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By Bill Berkrot

(Reuters) – Upstate New York health insurer Excellus BlueCross BlueShield on Wednesday said its computer systems and those at affiliates had been breached, exposing data from more than 10 million members, in the latest case to show the industry is still struggling to ward off hackers.

The Rochester-based insurer said it and its affiliates had been the target of a sophisticated cyber attack and that it was taking steps to address the situation and offering free identity theft protection services to those affected.

Excellus said it learned of the cyber attack on Aug. 5 from experts it had hired to perform a forensic assessment of its computer systems following hacking attacks on other health insurers. A subsequent investigation found that the initial hack occurred in December of 2013.

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“We are taking additional actions to strengthen and enhance the security of our IT systems moving forward,” the company said in a notice posted on its website.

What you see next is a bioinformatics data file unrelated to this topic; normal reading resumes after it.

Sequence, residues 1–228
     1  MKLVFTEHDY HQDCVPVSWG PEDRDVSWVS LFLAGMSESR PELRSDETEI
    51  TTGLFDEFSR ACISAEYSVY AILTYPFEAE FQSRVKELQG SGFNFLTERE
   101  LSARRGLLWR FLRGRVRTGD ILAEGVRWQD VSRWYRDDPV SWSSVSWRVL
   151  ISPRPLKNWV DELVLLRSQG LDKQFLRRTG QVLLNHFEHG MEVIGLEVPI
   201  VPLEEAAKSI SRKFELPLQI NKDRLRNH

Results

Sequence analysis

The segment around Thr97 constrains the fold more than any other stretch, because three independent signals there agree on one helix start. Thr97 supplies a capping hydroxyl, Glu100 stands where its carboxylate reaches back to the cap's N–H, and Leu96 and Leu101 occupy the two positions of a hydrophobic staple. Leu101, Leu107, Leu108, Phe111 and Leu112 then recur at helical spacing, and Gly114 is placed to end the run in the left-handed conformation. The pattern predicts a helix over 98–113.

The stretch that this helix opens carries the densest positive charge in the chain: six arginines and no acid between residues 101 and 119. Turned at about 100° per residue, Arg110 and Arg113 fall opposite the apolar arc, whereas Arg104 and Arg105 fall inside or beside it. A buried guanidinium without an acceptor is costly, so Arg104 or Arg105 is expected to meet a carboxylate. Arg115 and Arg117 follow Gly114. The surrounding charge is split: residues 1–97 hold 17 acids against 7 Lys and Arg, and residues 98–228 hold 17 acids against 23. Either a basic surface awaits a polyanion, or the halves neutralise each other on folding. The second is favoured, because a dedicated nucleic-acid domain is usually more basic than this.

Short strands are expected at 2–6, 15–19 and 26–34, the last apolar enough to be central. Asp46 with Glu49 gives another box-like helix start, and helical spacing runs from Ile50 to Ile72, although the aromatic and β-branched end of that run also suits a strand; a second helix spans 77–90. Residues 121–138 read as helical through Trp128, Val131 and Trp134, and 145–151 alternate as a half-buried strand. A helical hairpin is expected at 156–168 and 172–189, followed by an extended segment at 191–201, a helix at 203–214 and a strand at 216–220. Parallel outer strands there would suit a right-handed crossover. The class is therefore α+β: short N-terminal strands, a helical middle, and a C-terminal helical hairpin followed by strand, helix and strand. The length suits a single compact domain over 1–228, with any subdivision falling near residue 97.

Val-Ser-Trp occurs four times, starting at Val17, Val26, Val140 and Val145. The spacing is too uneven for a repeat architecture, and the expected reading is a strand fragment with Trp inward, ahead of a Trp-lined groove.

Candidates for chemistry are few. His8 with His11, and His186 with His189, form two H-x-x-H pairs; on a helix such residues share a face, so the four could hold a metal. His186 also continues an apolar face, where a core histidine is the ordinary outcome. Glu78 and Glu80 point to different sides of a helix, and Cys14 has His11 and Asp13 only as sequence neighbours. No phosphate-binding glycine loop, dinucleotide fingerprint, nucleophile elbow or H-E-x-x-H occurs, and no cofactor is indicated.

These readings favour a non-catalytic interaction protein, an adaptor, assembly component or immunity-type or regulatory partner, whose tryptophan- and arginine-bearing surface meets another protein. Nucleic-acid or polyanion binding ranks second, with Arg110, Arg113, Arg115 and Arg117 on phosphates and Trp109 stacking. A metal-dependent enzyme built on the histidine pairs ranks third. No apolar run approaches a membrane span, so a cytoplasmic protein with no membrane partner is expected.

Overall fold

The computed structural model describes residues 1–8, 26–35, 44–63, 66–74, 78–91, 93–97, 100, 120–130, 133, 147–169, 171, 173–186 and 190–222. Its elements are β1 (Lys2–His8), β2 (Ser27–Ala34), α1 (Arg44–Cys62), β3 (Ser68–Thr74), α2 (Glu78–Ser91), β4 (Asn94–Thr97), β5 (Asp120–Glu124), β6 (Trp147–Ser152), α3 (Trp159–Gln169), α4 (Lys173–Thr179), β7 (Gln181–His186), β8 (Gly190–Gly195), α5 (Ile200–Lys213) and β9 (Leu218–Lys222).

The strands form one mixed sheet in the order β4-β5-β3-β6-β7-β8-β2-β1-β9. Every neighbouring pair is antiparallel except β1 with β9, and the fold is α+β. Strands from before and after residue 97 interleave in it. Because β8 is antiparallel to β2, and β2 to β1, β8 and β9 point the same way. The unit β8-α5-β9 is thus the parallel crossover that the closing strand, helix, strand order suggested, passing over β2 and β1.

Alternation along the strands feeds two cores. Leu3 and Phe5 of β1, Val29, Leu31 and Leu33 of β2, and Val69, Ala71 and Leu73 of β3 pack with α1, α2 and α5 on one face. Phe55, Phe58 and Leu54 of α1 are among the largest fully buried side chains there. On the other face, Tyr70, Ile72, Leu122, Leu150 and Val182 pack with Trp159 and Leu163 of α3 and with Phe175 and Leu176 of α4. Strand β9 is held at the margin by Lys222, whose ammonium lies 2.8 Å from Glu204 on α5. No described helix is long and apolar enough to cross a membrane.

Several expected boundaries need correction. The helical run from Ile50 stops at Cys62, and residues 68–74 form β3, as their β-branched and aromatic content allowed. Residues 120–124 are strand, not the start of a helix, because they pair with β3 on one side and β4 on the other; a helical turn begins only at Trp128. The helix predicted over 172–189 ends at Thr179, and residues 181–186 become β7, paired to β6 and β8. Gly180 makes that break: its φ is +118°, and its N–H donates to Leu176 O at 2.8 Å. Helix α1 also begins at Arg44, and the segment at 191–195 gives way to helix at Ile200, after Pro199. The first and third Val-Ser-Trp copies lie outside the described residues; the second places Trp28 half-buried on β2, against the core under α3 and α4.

Attackers may have gained access to members’ information, including names, date of birth, Social Security number, mailing address, telephone number, member identification number, financial account information and claims information, the company said.

“The investigation has not determined that any such data was removed from our systems and there is no evidence to date that any data has been used inappropriately,” Excellus spokesman Jim Redmond said.

Excellus and its affiliates serve people in 31 upstate New York counties and the Buffalo and Rochester markets. Excellus said 7 million of its members may have been affected, as well as

another 3.5 million individuals served by affiliated Lifetime Healthcare Companies.

“The FBI is investigating a cyber intrusion involving Lifetime Healthcare Companies, which include Excellus BlueCross BlueShield, and will work with the firms to determine the nature and scope of the matter,” the FBI confirmed in an emailed statement.

“Individuals contacted by the companies should take steps to monitor and safeguard their personally identifiable information and report any suspected instances of identity theft to the FBI’s Internet Crime Complaint Center,” it added.

Earlier this year, Anthem, the second-largest U.S. health insurer, said it was the victim of a massive cyber attack in which records of nearly 79 million customers had been accessed.

(Reporting by Bill Berkrot and Nate Raymond, Editing by Ken Wills)

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